Leeds United owner Andrea Radrizzani hopes to emulate Wolverhampton Wanderers next season, but in doing so he risks ignoring a more traditional - and lower risk - route to success.
It is worth considering that hopping into bed with an agent is no foolproof way of turning Premier League dreams into reality, this is after all Wolves' second stab at promotion after last year's attempt - which delivered a 15th-placed finish and losses of £23 million. Should they fail this time out [and it could still happen, however unlikely] the chances are they would have to move on many of their leading squad and start afresh under ever-tightening financial constraints.
Radrizzani's recent comments can be interpreted as worryingly reactive, and overlook the fact that Leeds' problems this campaign are a lot of his doing. It was he who hired and handed Victor Orta the steering wheel with which to drive the Whites' summer recruitment, the prospect of which almost certainly influenced Garry Monk's decision to quit Elland Road five days earlier.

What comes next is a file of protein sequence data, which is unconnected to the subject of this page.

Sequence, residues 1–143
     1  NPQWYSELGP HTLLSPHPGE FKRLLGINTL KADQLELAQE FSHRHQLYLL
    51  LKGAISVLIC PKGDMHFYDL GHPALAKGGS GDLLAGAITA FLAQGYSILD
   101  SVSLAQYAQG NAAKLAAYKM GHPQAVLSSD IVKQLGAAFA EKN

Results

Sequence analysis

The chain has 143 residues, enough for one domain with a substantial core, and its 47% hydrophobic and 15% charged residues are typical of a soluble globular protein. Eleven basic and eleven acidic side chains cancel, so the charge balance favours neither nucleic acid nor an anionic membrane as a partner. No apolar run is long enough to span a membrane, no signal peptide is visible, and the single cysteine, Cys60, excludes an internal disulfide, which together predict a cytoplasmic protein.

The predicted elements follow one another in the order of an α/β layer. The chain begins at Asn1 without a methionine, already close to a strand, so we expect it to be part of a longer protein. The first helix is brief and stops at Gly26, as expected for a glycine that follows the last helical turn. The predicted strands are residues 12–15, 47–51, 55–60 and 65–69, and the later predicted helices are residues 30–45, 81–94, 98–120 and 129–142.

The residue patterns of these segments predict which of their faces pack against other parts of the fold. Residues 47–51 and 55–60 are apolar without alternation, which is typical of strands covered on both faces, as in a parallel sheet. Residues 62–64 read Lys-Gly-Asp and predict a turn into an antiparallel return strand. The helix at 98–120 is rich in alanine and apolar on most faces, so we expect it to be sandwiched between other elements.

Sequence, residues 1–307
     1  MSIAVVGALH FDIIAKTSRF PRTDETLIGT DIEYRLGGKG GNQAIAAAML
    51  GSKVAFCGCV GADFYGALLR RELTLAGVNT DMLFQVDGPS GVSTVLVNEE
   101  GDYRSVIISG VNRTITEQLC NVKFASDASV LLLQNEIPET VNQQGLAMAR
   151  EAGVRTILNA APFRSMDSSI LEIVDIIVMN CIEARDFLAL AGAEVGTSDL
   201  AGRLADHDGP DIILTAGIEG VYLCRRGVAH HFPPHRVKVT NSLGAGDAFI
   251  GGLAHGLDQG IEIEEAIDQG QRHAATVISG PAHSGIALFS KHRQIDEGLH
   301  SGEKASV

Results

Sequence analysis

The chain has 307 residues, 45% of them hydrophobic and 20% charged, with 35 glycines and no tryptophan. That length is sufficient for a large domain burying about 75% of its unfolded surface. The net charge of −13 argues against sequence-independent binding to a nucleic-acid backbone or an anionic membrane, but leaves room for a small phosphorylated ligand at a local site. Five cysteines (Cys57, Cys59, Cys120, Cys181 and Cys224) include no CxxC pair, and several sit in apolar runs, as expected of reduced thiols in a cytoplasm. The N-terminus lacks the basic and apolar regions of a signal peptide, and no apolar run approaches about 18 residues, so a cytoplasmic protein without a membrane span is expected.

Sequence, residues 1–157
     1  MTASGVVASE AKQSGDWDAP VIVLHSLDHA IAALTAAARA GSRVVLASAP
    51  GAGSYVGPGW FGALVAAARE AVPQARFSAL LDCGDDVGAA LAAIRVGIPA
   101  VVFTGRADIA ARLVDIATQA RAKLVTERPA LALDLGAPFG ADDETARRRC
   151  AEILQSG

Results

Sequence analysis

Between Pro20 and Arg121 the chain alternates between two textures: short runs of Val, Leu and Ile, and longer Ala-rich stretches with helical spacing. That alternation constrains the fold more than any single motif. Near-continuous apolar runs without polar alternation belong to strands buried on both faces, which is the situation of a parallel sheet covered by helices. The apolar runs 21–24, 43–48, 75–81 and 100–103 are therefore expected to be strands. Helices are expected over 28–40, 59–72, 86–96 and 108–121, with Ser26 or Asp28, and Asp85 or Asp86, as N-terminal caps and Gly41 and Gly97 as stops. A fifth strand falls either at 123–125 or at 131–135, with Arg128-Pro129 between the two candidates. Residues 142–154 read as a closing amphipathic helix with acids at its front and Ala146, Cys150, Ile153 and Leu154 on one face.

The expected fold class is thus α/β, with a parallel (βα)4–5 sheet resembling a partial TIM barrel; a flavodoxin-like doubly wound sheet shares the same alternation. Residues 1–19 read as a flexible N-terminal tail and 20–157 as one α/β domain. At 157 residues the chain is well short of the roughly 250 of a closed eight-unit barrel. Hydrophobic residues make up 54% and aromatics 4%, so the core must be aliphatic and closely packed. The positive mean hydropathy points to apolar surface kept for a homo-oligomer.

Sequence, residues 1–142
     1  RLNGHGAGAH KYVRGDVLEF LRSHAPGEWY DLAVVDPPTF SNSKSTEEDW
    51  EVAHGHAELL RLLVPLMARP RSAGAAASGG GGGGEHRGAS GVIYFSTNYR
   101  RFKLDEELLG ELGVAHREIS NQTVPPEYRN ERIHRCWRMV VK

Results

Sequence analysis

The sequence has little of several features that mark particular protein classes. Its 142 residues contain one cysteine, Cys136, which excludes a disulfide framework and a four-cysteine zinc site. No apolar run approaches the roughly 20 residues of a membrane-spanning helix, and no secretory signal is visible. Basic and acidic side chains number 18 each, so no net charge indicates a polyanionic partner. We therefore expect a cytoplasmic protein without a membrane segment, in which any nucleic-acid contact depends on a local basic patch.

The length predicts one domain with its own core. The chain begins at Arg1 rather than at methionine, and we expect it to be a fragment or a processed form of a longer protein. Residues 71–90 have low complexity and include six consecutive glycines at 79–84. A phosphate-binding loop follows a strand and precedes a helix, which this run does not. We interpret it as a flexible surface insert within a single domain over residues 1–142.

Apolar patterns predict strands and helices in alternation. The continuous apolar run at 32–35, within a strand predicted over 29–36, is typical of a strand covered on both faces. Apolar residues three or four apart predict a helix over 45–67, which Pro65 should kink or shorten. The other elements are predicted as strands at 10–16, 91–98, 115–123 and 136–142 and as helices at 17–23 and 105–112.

Of the 15 [new] signings made since then, it's difficult to describe anyone other than Samu Saiz, Pierre-Michel Lasogga and Adam Forshaw as outright triumphs, whereas Monk and his staff had a much higher hit rate - delivering last season's stars Robert Green, Luke Ayling, Kyle Bartley, Pontus Jansson and Pablo Hernandez, many of whom they had either played with, coached or both.
And while the latter regime was by no means free from failure, even Alfonso Pedraza and Modou Barrow are fulfilling their potential elsewhere this season - evidence, surely, that managers still have the best eye for a player?
So before another step in the unknown, why not place more faith in Paul [Heckingbottom] - Leeds' current manager and the man who brought Andy Yiadom, Liam Lindsay, Ryan Kent, Harvey Barnes and Oli McBurnie [to name but a few] to Barnsley.